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The Word for World Is Story: Syncretic Fantasy as Healing Ritual in Thomas King's "Green Grass, Running Water"
Journal of the Fantastic in the Arts
Vol. 19, No. 2 (73) (2008), pp. 204-223
Published by: International Association for the Fantastic in the Arts
Page Count: 20
You can always find the topics here!Topics: Fantasy fiction, Novels, Native Americans, Mythology, Cognition, Westerns, Reality, Written narratives, Storytelling
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Thomas King's Green Grass, Running Water is often conceived of as a type of resistance text, resisting Western paradigms and aesthetic structures through distinctively Native strategies such as the use of mythic and oral storytelling structures. However, although existing critical approaches have effectively explored King's subversion of mainstream Western ideological and literary conventions, these investigations also tend to construct strong binary distinctions between Native and non-Native texts that are, in some senses, restrictive. Consequently, this paper reconsiders King's novel as fantasy, a genre which is neither Native nor not-Native but nonetheless remains compatible with the narrative structures of King's text. By developing a critical heuristic of syncretic fantasy, this analysis sidesteps persistent binaries of Native versus non-Native identities in order to produce a less restrictive both/and approach to King's novel, an approach that recognizes the potential power of Story to heal and literally re-create the world(s) in which we live.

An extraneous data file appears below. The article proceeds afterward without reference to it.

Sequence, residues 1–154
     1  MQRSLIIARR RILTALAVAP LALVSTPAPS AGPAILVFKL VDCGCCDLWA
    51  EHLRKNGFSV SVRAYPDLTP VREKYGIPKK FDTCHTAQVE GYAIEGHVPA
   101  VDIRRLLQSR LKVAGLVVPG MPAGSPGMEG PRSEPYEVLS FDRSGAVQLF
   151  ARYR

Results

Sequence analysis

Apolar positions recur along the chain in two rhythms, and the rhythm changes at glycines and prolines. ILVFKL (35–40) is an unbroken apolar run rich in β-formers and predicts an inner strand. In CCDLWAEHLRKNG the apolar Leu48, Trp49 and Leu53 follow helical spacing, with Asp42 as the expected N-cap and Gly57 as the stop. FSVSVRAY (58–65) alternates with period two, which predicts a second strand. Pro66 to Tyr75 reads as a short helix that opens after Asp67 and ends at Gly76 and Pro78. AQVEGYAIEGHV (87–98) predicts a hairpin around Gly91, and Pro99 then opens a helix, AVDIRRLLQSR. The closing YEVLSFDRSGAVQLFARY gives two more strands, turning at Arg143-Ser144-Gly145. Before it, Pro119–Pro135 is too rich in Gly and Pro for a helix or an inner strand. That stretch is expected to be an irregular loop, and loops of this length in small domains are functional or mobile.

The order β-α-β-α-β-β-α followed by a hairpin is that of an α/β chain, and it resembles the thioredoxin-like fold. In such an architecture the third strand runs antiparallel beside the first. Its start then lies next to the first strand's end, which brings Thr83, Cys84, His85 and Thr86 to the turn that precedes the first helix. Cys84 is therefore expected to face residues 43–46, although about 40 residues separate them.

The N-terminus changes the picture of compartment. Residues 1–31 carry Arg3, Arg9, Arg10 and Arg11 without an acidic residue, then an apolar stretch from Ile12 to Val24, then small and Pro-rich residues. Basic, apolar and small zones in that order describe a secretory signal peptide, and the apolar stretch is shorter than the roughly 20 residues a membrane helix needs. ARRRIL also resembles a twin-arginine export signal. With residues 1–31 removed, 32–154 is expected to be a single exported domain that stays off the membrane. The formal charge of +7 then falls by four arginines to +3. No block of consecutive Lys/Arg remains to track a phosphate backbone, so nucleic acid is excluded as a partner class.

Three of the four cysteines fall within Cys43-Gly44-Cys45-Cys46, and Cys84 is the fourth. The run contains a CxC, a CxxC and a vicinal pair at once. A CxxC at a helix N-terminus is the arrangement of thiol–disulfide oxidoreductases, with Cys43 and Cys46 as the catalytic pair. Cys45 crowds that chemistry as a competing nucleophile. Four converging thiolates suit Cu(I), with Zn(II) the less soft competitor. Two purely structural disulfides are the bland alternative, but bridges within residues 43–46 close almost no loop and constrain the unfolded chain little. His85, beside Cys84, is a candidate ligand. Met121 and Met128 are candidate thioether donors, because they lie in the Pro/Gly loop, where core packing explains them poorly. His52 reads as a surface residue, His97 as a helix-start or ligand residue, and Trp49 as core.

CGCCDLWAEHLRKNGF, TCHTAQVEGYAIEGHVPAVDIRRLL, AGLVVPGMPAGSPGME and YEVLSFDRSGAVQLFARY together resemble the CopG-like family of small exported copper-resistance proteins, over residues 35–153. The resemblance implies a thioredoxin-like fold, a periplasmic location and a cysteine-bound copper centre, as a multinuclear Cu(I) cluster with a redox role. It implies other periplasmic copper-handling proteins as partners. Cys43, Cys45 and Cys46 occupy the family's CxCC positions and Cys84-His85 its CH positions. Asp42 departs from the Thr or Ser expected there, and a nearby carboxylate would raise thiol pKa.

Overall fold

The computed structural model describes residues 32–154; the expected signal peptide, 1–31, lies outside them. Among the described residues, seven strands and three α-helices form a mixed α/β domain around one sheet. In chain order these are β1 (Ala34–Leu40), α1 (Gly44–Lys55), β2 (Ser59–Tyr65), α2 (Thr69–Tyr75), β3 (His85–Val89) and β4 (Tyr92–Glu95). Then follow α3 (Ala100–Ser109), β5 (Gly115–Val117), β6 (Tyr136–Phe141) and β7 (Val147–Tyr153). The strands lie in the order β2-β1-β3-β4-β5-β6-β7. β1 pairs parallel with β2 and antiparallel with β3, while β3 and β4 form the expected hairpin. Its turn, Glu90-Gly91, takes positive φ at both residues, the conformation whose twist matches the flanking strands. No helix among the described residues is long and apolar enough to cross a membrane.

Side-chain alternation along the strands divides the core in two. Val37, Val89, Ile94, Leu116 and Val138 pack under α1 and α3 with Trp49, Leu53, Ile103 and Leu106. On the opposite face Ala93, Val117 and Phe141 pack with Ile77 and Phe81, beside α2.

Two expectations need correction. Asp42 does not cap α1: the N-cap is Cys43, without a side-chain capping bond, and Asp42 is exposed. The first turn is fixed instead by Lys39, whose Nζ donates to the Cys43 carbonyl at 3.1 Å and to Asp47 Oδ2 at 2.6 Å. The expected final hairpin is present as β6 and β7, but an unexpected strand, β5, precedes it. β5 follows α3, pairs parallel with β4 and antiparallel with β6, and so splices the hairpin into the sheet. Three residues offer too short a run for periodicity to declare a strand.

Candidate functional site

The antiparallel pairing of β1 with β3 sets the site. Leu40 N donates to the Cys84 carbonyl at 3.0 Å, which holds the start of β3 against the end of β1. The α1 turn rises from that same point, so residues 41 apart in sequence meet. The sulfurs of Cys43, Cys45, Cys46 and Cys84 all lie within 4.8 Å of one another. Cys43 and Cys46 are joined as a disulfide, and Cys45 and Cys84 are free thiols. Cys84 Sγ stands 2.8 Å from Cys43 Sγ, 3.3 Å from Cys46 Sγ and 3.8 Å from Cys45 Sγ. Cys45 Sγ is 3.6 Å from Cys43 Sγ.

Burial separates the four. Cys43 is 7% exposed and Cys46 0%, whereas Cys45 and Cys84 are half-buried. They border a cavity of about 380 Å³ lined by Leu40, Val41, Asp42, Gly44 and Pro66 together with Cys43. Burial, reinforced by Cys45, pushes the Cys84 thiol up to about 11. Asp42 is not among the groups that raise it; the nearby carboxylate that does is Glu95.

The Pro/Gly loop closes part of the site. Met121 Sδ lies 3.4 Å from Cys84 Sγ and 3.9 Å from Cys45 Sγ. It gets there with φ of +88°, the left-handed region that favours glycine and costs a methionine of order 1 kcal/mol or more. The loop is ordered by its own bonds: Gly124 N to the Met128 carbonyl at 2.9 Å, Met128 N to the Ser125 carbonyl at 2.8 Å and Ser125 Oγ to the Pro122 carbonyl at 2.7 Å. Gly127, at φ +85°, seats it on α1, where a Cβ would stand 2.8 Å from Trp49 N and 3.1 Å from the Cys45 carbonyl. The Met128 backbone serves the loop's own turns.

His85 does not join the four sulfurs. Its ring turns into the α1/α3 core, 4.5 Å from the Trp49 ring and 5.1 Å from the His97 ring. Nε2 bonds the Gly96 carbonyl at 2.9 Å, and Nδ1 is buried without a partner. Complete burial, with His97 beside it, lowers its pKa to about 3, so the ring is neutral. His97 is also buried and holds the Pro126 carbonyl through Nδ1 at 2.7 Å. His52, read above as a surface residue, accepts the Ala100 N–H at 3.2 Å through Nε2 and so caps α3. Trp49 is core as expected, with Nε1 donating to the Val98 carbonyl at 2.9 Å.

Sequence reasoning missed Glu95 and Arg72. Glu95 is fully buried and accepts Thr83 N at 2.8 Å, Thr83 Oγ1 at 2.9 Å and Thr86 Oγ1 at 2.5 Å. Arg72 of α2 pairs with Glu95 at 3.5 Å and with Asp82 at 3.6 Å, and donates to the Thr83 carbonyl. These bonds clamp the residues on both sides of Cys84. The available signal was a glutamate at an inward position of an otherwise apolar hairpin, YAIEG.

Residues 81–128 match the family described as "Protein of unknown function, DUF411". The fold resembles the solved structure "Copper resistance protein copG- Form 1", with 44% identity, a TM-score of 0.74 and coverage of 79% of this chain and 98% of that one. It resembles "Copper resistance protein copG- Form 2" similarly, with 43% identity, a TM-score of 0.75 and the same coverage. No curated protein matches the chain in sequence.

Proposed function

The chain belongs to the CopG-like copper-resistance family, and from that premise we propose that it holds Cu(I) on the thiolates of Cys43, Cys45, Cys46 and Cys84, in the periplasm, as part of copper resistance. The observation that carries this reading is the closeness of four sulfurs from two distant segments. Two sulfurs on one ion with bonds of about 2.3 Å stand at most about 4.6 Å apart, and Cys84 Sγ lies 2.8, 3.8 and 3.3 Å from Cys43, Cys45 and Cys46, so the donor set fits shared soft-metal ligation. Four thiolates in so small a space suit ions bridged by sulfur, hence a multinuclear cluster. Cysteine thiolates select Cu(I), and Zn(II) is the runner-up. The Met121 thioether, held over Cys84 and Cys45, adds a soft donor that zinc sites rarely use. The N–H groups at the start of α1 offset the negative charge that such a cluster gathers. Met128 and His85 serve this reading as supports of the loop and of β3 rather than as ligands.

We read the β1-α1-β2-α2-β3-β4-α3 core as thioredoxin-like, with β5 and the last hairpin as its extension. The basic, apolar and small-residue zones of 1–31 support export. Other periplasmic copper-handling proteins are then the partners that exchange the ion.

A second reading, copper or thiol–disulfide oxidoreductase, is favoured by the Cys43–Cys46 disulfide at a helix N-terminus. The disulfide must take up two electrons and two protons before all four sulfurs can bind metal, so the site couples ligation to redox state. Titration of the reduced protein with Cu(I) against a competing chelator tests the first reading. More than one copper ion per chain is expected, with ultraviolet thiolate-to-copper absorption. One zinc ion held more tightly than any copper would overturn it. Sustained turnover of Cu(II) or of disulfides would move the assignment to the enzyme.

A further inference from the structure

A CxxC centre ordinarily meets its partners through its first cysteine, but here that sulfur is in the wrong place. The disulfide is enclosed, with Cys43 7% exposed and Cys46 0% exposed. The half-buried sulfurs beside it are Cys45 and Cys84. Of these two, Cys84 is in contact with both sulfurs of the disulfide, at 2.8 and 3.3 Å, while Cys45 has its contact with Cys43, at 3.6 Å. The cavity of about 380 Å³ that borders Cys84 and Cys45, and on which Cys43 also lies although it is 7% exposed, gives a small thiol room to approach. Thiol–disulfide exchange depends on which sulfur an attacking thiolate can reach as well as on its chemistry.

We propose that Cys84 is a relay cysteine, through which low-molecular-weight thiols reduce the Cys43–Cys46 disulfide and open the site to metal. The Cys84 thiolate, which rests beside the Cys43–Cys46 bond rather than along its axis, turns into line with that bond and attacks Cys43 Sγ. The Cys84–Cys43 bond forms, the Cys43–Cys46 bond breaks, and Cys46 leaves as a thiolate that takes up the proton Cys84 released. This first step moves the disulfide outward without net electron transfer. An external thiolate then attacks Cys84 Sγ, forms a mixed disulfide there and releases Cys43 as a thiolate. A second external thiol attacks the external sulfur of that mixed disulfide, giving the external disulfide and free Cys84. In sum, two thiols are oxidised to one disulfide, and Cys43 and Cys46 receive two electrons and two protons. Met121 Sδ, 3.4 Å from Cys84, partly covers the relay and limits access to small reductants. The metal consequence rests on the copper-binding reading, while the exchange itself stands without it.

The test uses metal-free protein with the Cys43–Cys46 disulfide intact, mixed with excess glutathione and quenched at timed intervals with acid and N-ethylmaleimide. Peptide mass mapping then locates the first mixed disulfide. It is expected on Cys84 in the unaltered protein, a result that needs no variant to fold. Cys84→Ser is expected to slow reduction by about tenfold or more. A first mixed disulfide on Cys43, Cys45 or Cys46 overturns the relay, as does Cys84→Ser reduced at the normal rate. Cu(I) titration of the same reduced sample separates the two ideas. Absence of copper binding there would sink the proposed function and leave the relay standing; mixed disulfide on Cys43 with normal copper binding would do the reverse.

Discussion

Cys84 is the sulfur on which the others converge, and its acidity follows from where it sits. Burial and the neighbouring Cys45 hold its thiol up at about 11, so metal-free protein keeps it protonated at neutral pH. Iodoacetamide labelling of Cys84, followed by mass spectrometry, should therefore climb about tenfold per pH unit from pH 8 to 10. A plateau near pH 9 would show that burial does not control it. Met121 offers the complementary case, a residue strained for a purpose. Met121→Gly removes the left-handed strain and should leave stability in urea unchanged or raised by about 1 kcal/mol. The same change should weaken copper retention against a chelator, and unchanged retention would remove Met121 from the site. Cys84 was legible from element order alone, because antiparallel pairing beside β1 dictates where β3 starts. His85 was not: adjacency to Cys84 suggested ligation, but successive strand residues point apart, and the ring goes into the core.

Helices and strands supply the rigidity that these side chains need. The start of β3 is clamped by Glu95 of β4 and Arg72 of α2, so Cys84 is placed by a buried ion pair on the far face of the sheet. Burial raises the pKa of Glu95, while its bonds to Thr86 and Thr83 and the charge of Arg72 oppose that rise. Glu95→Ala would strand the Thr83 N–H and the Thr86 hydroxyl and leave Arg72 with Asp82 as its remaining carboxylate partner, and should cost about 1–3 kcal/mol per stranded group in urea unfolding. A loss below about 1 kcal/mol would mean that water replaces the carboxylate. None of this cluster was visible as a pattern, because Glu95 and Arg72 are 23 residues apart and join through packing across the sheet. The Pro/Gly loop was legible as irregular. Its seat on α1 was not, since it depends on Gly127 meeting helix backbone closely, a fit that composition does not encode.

Journal of the Fantastic in the Arts © 2008 Brian Attebery, as Editor, for the International Association for the Fantastic in the Arts